Otherwise, you are perfectly happy now not to go to church on Sundays and I am perfectly happy for you!


        • No, I haven’t experienced all congregations of all religions, but I have experienced enough to say in general all religions are exclusionary. If nothing else, only believers get to heaven, paradise, nirvana, or whatever special place true adherents go to. I think we can agree no atheist will ever get to heaven. But nor will any atheist ever go to hell. That one you can take to the bank.
          Sunday is just another day, and what makes me perfectly happy is being responsible for my own life, now and forever.
          But yeah, listening to pontificating preachers I do not miss, especially the ones who rape little children.

          Liked by 1 person

        • While I am not going to debate if there really is a heaven or hell, your idea that all believers think only they get into heaven and non-believers do NOT is wrong. So no I don’t agree with this statement and seems more like an stereotypical assumption on your part.

          Here is WHY I disagree:


          Pew did a study that showed that 52% of all American Christians believe some non-Christian faiths can lead to eternal life and out of that group 42 % of these respondents felt that atheism could lead to eternal life. Sure if you do the math that means only 22% of all Christians think atheists can go to heaven too, but that certainly is NOT zero. While also not a majority that is still a size able portion. That is about 1/5 of all American Christians.

          So there is no real reason to think what you’re saying is true. So I took it to the bank and the bank sent back the check.


        • I am not surprised at this study; however, I would be inclined to say that few in the hardcore evangelical faith would agree with its conclusions. And since these are the “nosiest” of the denominations, it is not surprising that rawgod and others contend exclusivity is the more common teaching.

          Liked by 1 person

        • Oh, I agree. However, I suppose what I am suggesting is we need to be awfully careful that we don’t allow more extreme and the noisiest elements (a sub-group) to dictate our assumptions of what the whole group is like. Just as it’s true with politics (see your exhausted middle post about Democrat and Republicans), it’s true of various religions. Also, that it is important to maintain nuance in such conversations and avoid overly black-and-white thinking.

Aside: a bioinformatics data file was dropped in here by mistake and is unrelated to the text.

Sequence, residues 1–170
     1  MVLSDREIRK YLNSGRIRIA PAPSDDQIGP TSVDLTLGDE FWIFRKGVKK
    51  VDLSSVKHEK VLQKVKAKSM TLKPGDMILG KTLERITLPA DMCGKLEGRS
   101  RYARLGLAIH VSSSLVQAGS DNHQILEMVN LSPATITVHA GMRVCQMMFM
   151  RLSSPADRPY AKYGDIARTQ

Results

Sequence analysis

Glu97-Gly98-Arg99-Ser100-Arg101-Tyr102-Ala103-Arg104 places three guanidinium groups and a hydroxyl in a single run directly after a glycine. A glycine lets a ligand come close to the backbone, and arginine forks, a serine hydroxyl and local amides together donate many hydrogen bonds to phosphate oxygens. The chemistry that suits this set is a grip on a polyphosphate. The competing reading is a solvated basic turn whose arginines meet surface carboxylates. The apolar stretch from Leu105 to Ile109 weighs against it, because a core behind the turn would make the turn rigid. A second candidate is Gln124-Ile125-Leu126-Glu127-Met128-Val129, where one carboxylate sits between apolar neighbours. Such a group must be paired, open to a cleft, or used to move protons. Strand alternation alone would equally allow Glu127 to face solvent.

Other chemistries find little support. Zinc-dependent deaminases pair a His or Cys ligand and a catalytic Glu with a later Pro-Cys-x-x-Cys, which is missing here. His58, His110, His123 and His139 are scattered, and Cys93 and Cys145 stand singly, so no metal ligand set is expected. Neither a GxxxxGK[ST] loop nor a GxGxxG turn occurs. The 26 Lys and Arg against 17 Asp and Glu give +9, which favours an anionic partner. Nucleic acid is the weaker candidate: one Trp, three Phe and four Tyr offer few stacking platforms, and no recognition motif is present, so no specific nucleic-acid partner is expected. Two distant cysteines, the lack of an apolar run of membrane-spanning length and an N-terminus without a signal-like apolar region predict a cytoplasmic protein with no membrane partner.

Liked by 1 person

        • The hardcore evangelists – if you’ve read and taken seriously their comments online – are convinced that non-believers and ‘backsliders’ are going to Hell ( it exists in the imagination). That’s why they try so hard to get their non-believing family members on their side of belief. They want to save them from the torments of the imaginary pit. *shake my head*. ‘Living forever’ obviously means that a person’s brain would still be alive and functioning; the body would be reborn and walking hand in hand with invisible beings, one’s feelings and emotions would still be intact. ..blah, blah, blah. It really is quite perplexing to think that grown adults would hold these things as ‘truth’.

          Liked by 2 people

        • I won’t get the quote right, so I will paraphrase what I was told in church, and read in the bible, as a youth: to enter my father’s kingdom (heaven) you must believe in me (christ).
          It was something like that. It is nice to know American xians do not all believe the club ihbs exclusivhe. BUT, what atheist would want to go to heaven, welcome or not? No thank you.
          And eternal life isn’t exclusive to xianity, although xiansb are the biggest believers John Doe on earth is John Doe in heaven.
          I am an atheist who believes life does not end, that it survives death. However, I do not believe the ego survives death, nor do I believe in a heavenly or paradisical journey’s end. Our spirits, that which is within all living beings, does not die, but gets to live again either on this plane of existence, or a different plane of existence.
          And this is true for all living beings–not just humans. And, for humans, definitely not limited by earthly beliefs. That is what I consider inclusive.
          Peace to you.

          Liked by 1 person